“I think in Burlington part of the answer should focus on enticing retirees to run for public office. Many have the business experience, and now the time, to devote to municipal government issues. Another target audience might be persons who have sold their business, have moved here from larger municipalities, are only semi-retired, but have the acumen that would be invaluable in local administration. A third market might actually be provincial public servants who have both the education and the technical experience, and would be a useful check on municipal public servants.

“Whatever the case, we need to get better qualified people into public service at all levels.”

We are suggesting to the writer that he might well be the kind of person that should be at city hall.

Councillor Craven has, on several occasions, made the point that Burlington’s seven member city council is too small – that the job is much bigger than it was a decade ago and that it might be time to look at a larger council and think in terms of junior and senior council members, a situation where every ward would have two council members with one serving at the Regional and city level and the second serving at just the city level.

Circle all spendingFor new members of council learning how to be a city Councillor takes time – to expect these men or women to grasp the Regional workings at the same time is a bit much.

And – Councillors need to be better paid. The approximately $110,000 they are paid annually does not attract the kind of talent needed. What it does do is attract people who are never going to earn $100,00 a year in their lifetimes but think if they can capture the public imagination and win the seat – and once there, hold the seat for a couple of decades.

These people are managing an operational budget of $160 million and a capital budget of $68.6 million, that includes a 10-year program of $688 million.

Burlington is seeing much more interest in who serves on city council. Will there be any acclamations for a city council seat in October?  All seven of the current members of council were re-elected in 2014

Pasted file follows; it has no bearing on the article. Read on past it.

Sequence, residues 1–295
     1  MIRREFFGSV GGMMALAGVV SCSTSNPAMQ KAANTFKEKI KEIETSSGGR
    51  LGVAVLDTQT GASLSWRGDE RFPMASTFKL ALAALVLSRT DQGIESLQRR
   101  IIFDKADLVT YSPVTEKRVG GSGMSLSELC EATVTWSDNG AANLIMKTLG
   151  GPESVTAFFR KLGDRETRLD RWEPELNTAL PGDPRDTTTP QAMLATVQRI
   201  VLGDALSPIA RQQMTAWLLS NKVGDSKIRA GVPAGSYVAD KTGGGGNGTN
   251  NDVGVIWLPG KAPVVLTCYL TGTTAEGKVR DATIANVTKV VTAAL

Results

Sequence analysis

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Mayor Goldring uses the Spectator to tell Burlingtonians his take on the new Official Plan. Does not publish the opinion on his blog.

opinionandcommentBy Staff

March 4th, 2018



In an opinion piece published in the Saturday Hamilton Spectator, Mayor Rick Goldring said:

“The City of Burlington has had many Official Plans, but none have received as much attention as our current draft Plan that council is set to adopt in April.”

The Spectator has very limited circulation in Burlington. The Mayor has yet to post the opinion to his blog

The opinion piece set out below:

Flood Goldring with chain of office

Mayor Goldring speaking to media during the 2014 flood. It was the first time we saw the Mayor wear his Chain of Office outside the Council Chamber,

“City building is constantly evolving, and we all want our city to grow thoughtfully and carefully” said the Mayor who went on to say that “ City Council is no different.”

“As mayor, I certainly want what is best for the entire community. I hear from residents that they want a more vibrant downtown and are supportive of the protection of our rural lands and those who are concerned about the future of our city.

421 Brant

The high rise was approved by city council on a 5-2 with the Mayor and Councillor Meed Ward voting against the project.

“This was most apparent when late last year City Council approved a 23-storey building across from City Hall at 421 Brant St. I voted against this development for three reasons; it is the wrong location for a 23-storey building, where the adjacent roads are narrow, this approval would lead to similar requests for similar height, and from a policy perspective, this was inconsistent with the proposed 17-storey limit identified in the City’s earlier draft Downtown Precinct Plan.

“While residents are trying to digest this decision, we were recently informed of the decision by the Ontario Municipal Board to approve the ADI development at Lakeshore Road and Martha Street. The board sided with the proponent on a proposed 26-storey high-rise plan. Again, in my opinion, this is the wrong location for the height of the building, and I am very disappointed that the OMB did not prefer a height that was comparable or lower to those in this area.

“It is more important than ever that we approve our new Official Plan. The city’s current Official Plan is out of date and doesn’t conform to provincial policy which is one of the significant reasons why the OMB did not agree with the city’s opposition to ADI’s 26-storey proposal. Clearly, our current Official Plan is unacceptable in planning for an Urban Growth Centre.

Rendering with Bake Shop

409 Brant is on the south side of James street – across from city hall. They have tucked two “historical” properties on the south end – next to what will become the Downtown mobility hub to give the application some credibility.

“With two tall buildings recently approved in the downtown, I understand why residents feel anxious about what is going to happen in the future. I disagree with the decisions to allow the 23 and 26-storey downtown buildings. However, I am supportive of well-planned and justified intensification in appropriately targeted areas of our city.